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Semmelweis Museum, Library and Archives of the History of Medicine : Budapest, Hungary
Semmelweis Museum, Library and Archives of the History of Medicine (Budapest) is a government funded national public collection and research institution for exploring, presenting and disseminating the history of medicine. The Institute regards the history of medicine as a broad and culturally determined subject which includes the medical sciences, public health issues, hygiene, the history of demography and the study of the effects of environment on human health. The institute presents exhibitions of various related topics, publishes a journal and books, and organizes conferences, workshops and public lectures for different professional and general groups on a nation-wide, and an international level.

The Museum has a rich collection of medical, surgical, and dental equipment, sculptures, commemorative medals, wax models, paintings, etchings, drawings, posters, pharmacy jars, albarellos etc. from prehistoric times to the late 20th century. The Library has a peculiarly valuable collection of rare books, prints, and medical dissertations from the field of the life sciences and medicine between the 15th and 20th centuries.

The institution is named after Ignaz Philipp Semmelweis (1818–1865), a Hungarian doctor who made some historic discoveries that remained uncredited during his lifetime. Semmelweis observed that the death rate among his maternity patients treated by medical students was much higher (13%) than in the ward served by midwives (2%). He made a connection between the symptoms of a fatal dissection wound and puerperal fever, and concluded that the fever had been transmitted to the maternity patients by medical students carrying infectious materials on their fingers from dissected cadavers. Starting in May 1847, Semmelweis required his students to wash their hands in a solution of chlorinated lime before examining patients. Mortality rates from puerperal fever promptly plunged.

Semmelweis finally published his findings in 1861, but critics continued to attack him fiercely and he reacted with increasing anger and bitterness. Mental illness overtook him in 1865; he died after only two weeks in an asylum of, ironically, sepsis from a surgical wound. That same year, Joseph Lister performed his first antiseptic operation.

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“La Specola” (Museo di Storia Naturale) : Florence, Italy
The “La Specola” Museum was inaugurated and opened to the public in 1775 by Grand Duke Pietro Leopoldo of Lorraine. The natural history collections first began under the Medici Family, a powerful and influential Florentine family from the 13th to 17th centuries.

The anatomical waxworks collection is unique in the world for the number and beauty of the models. It was commissioned by the Grand Duke Pietro Leopoldo and the first Director of the Museum, Felice Fontana, as a method of teaching anatomy without the need for direct observations of corpses. The models, over 1,400, were manufactured between the end of the 18th and middle of the 19th century. Using dissections as a guide, models were made in clay, then plaster casts into which the wax was poured (or to be more precise a mixture of wax, resins, and coloring agents.) The waxworks were then assembled and the finishing touches added.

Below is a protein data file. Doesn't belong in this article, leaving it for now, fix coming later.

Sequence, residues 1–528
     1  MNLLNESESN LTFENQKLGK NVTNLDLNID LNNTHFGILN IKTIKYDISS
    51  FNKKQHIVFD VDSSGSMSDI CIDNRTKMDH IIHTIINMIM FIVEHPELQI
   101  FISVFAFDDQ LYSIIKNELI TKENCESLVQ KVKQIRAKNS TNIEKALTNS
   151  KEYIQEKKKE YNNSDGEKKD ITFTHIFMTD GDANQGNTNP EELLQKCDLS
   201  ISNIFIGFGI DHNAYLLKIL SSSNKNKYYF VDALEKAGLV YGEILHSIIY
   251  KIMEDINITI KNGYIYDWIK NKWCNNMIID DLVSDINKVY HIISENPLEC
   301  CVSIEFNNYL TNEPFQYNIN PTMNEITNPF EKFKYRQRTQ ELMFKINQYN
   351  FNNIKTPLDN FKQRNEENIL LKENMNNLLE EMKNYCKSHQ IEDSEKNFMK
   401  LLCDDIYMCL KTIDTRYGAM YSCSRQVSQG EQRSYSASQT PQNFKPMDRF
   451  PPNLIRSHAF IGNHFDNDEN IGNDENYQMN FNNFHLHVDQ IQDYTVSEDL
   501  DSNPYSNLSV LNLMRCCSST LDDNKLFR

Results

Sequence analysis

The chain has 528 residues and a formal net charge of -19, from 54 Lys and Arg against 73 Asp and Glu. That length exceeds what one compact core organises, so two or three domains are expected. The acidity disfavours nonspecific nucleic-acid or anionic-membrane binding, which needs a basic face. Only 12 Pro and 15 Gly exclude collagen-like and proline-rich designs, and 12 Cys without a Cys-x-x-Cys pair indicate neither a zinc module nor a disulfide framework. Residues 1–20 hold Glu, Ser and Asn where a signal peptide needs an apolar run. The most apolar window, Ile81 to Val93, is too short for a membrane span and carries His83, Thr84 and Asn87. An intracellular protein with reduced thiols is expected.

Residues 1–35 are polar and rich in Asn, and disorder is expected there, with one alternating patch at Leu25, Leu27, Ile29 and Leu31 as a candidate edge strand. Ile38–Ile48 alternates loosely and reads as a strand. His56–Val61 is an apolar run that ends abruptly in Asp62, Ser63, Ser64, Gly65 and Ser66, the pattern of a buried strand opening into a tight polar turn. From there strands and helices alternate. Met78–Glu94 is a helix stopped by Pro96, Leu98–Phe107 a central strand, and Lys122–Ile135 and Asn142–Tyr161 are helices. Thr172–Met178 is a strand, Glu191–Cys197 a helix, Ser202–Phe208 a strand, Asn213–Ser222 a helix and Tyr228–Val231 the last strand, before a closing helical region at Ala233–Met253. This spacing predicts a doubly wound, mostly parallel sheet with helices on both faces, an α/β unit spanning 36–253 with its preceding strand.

An enormous quantity of models were manufactured from 1771 to the second half of the 19th century. Besides the rich collection on show at the Specola, consisting of over 1,400 pieces conserved in 562 cases, the Florentine ceroplastic workshop produced several other collections now residing in museums throughout the world.

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The Vrolik : Amsterdam, The Netherlands
The Vrolik Museum, in Amsterdam, originated as a private collection of father Gerard Vrolik (1775–1859) and his son Willem Vrolik (1801–1863). Both of them were professors of anatomy in Amsterdam, though, not at the same time. True 19th-century collectors that they were, they collected specimens from over a wide field of interests: regular anatomy, comparative anatomy, pathological anatomy, and congenital malformations. At the death of Willem Vrolik the collection comprised about 5000 specimens. For teaching purposes the collection was donated to the Amsterdam ”Illustre school” (that became a university in 1877).

New specimens were added to the collection by subsequent professors of anatomy, of which Louis Bolk (1866–1930) is the most important. He collected about 3,000 specimens, mostly in the fields of evolutionary morphology, physical anthropology and regular anatomy. The last important specimens were added in the 1950s, bringing the total number of objects in their collection to about 10,000. Besides wet specimens and dried, osteological specimens, the museum also has a rich collection of wax embryological models and plaster anatomy torsos and busts.

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All contents copyright of Joanna Ebenstein, 2008.